On the Catalytic Efficacy of Low-Oxidation State Group 14 Complexes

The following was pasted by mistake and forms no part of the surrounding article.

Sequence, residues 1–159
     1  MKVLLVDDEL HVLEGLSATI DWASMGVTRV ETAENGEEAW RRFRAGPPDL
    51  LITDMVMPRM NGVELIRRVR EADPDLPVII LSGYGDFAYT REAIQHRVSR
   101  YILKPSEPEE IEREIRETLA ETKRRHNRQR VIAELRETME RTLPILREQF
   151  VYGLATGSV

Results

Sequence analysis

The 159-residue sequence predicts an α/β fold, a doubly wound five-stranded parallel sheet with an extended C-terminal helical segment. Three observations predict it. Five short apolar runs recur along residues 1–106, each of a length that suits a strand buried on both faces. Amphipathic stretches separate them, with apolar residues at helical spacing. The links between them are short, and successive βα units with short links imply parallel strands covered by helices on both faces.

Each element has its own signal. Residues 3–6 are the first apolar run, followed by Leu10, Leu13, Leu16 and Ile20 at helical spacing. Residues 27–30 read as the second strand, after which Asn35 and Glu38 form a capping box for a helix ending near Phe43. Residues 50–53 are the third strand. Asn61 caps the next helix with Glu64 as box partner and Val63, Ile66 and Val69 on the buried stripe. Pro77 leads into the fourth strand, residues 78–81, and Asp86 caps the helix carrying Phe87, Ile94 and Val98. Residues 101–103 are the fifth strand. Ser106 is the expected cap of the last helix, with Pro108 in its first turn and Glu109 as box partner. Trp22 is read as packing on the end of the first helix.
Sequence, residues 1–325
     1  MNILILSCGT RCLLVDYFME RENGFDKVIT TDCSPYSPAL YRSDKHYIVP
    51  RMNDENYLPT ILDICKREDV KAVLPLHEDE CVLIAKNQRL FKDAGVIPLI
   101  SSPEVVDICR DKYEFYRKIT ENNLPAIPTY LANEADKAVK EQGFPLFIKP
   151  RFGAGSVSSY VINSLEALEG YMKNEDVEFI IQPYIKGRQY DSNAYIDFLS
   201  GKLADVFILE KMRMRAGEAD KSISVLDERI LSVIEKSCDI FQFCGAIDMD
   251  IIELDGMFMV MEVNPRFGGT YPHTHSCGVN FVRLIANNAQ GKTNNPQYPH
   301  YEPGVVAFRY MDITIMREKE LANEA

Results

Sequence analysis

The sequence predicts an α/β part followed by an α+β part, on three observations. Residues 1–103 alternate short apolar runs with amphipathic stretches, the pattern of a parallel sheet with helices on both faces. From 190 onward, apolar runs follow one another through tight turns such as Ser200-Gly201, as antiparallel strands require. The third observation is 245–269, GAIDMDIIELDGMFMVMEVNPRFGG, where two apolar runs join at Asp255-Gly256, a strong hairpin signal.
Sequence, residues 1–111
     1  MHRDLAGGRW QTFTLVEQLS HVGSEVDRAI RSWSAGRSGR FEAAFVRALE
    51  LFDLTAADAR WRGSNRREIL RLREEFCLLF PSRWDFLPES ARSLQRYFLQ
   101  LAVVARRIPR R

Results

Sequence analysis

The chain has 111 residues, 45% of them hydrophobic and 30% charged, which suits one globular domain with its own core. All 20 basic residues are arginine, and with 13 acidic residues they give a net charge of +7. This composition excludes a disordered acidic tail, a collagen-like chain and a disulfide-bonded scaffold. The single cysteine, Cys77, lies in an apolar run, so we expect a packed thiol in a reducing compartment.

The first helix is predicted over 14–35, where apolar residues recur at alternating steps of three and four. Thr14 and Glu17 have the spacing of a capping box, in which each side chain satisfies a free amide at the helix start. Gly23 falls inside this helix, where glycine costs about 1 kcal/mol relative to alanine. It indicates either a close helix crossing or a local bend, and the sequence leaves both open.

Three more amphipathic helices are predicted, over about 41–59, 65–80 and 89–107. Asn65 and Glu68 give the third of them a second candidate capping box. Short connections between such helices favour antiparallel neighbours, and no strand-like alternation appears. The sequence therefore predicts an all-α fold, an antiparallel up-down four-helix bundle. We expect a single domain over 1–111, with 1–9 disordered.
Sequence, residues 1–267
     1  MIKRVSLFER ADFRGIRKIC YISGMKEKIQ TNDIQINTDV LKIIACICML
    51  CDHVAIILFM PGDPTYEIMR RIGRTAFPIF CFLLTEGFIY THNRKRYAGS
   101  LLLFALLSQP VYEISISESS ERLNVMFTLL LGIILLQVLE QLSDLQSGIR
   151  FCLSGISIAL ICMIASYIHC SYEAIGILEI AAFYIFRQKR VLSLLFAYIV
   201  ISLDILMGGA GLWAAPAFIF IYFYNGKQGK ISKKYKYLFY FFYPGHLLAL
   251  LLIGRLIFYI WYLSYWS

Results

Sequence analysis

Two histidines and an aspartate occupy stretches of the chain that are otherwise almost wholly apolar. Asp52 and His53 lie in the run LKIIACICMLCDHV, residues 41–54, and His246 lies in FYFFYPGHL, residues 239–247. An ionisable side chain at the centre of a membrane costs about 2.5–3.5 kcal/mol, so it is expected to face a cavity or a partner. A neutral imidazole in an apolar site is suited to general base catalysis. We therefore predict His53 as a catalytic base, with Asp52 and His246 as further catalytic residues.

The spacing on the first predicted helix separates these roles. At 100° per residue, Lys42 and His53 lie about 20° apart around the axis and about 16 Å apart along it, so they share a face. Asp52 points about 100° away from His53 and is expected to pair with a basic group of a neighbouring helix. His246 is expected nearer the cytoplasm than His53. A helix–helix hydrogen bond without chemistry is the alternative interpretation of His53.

This outstanding thesis describes a detailed investigation into the use of low-oxidation-state group 14 complexes in catalysis, developed at the cutting edge of inorganic and organometallic chemistry. It includes the preparation of a number of landmark compounds, some of which challenge our current understanding of metal-metal bonding and low-oxidation-state main group chemistry. Among the many highlights of this thesis, the standout result is the development of the first well-defined, low- oxidation-state main group hydride systems as highly efficient catalysts in the hydroboration of carbonyl substrates, including carbon dioxide, which are as efficient as those observed in more traditional, transition-metal catalyses. These results essentially define a new subdiscipline of chemistry. Terrance completed his undergraduate degree (MChem (Hons)) at the University of Bath, England, in May 2011. His Masters project was carried out under the supervision of Prof. Micheal Hill, where his interest in the development of earth-abundant element complexes as catalyts was born. During his PhD studies with Prof. Cameron Jones at Monash University, Australia, Terrance briefly worked with Prof. Simon Aldridge, University of Oxford, as a visiting student. After completing his PhD in August 2015, he moved to work with Prof. Matthias Driess, TU Belin, as a postdoctoral Fellow of the UniCat Cluster of Excellence.
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